"Insane confidence" - nude models speak of the liberating benefits as life drawing returns to Sheffield
Life models and artists in Sheffield are looking forward to getting back into the studio after lockdown restrictions eased and in person drawing classes can finally return.
A life drawing class in Crookes which had been running for 15 years closed during the first lockdown, but is now reopening thanks to one of the artists who attended it.
Matt Smith first joined the class in 2010, and wants to keep it running because of the many benefits that he has found through life drawing.
Matt said: “It’s very good for mindfulness, I find it very meditative and cathartic. After the pandemic there is a need for that.
"The classes provide access to art and culture."
Those who attend life drawing classes, both as artists and models, find in them tools that they can take into their everyday life.
Geoff has been involved with the classes as an artist and a model and believes that it has been a great way to meet people and boost his confidence.
He said: “People in the art world I find are friendly and they make you feel welcome. I’ve got friends across the world through doing this.
“They encouraged me. I started off drawing stick men, I never did any art at school - I came to it as a blank canvas.
"These guys are talking about Leonardo and Michelangelo, and I thought they were turtles.”
“Life is not about the end result, it’s about the process. You look for the positives in your art and take that into life as well.
"It gives me liberation, it’s about not being afraid to fail. I was no good at it but over the years I have got people who have my art on their walls.
It has helped me from a mental health point of view and it’s given me a passion that I never realised I had.”
After getting involved as an artist, Geoff then began working as a life model, and during lockdown modelled online for people around the world, from Hong Kong to Colombia.
He added: “Modelling the first time was daunting. I was with a group and I had been going for a year or so and the model didn’t turn up.
“I heard a voice say, ‘I will do it’, and it was me.
“I have a bit of a body issue, so this was part of a step to get over that.
“I get really bad nerves and anxiety, I had a lack of confidence, but this has given me insane confidence.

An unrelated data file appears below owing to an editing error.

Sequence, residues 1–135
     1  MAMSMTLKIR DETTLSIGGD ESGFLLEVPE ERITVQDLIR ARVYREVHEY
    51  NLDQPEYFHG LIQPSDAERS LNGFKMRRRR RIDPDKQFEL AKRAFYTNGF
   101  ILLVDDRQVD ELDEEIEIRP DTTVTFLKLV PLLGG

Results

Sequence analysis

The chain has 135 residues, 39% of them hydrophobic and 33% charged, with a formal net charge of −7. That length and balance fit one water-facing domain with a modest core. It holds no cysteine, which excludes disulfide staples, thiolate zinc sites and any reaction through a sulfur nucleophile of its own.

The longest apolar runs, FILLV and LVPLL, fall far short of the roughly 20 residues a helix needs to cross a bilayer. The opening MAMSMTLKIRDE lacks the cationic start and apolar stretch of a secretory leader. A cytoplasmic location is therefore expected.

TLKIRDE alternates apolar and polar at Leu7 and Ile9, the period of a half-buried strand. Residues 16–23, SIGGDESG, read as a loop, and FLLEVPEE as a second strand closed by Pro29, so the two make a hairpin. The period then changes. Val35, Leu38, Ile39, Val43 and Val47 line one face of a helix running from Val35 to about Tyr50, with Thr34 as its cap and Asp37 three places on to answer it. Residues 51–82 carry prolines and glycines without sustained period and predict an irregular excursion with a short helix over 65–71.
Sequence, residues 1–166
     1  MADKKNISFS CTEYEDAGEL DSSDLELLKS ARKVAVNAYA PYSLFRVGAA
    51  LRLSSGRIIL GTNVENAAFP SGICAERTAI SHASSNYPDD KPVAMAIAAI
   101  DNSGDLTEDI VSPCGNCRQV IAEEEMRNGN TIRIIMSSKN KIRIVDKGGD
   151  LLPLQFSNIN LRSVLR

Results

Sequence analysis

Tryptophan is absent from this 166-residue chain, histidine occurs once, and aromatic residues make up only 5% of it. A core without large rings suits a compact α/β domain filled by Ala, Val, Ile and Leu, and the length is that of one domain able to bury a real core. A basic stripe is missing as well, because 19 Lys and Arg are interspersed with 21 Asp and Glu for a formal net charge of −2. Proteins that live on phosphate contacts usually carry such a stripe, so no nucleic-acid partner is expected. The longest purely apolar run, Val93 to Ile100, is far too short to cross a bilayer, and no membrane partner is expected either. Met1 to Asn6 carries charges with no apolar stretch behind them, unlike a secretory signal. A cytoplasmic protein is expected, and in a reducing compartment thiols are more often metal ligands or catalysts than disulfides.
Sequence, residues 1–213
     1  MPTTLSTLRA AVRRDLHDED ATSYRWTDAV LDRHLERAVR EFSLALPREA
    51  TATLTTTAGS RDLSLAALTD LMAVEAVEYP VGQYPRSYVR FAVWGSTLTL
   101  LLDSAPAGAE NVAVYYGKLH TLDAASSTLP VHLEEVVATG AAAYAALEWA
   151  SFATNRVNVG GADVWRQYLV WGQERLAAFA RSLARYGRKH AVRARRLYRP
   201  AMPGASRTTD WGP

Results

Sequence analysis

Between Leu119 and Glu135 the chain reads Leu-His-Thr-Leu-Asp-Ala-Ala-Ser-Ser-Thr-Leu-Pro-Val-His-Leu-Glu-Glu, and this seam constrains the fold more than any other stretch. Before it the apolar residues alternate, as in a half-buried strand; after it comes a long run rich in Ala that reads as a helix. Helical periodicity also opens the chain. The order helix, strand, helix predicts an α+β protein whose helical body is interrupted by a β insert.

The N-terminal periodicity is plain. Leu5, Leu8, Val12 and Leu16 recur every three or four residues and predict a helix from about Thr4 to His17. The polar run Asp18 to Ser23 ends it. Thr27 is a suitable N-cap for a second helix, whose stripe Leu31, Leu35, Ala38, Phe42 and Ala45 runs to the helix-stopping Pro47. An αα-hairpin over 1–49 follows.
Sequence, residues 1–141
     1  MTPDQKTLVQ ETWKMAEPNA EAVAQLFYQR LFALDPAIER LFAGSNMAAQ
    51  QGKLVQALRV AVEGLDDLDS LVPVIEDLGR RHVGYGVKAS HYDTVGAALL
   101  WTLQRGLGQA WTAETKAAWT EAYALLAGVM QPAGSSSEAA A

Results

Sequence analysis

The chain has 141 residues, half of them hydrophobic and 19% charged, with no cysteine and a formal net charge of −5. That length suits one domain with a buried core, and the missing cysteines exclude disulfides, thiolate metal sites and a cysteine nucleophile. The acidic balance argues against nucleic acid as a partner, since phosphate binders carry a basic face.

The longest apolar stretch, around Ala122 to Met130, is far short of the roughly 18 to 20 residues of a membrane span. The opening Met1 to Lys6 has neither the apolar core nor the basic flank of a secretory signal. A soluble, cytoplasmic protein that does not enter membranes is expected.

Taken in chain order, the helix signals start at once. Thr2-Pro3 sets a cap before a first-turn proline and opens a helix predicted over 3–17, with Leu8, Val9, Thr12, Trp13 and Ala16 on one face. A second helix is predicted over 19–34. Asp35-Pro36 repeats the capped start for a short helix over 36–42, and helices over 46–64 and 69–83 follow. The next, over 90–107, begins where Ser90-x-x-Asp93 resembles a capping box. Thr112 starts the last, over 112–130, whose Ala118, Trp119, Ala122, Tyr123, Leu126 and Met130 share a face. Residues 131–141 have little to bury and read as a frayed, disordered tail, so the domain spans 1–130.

"People at work remarked that I changed so much. I was promoted.
“The artists made me feel at ease and welcome. It didn’t feel awkward, it is very empowering.
"I feel more self conscious walking into a swimming pool than into a life drawing class to model. Artists aren’t really looking at me, they see dark shades, negative space, they’re not judging your body.”
Victoria Bellingham, who is also a life model and is helping her friend to run classes at Anomaly Life Drawing in Neepsend, explained why she got involved.
She said: “I had been in some bad relationships and just wanted to feel in charge of my own body again. It’s quite a liberating space.
"Everybody is accepting and it’s unsexualised. There is definitely a friendly atmosphere and it’s very supportive.
“The morning of the first time I modelled I was just thinking ‘What on earth am I doing?’
"But everyone was very friendly and then it was the moment when you have to take off your dressing gown in front of everyone.
“I run classes now too. I tell all the models that everyone is expecting to see you naked so there’s nothing dramatic about it.
“People sometimes apologise when they have drawn something wonky, but its always really nice to see someone’s interpretation. I have never been offended by a drawing.
“I was pregnant during lockdown and I really wanted to life model while pregnant. Maybe I’ll have another chance in the future.
“I am looking forward to getting back to doing it in person. It’s not the same online, the whole atmosphere is gone.”
Matt’s life drawing class returns to Crookes Social Club on August 1, form 11am-1pm, and tickets can be purchased here.
More information about about Anomaly Life Drawing can be found here.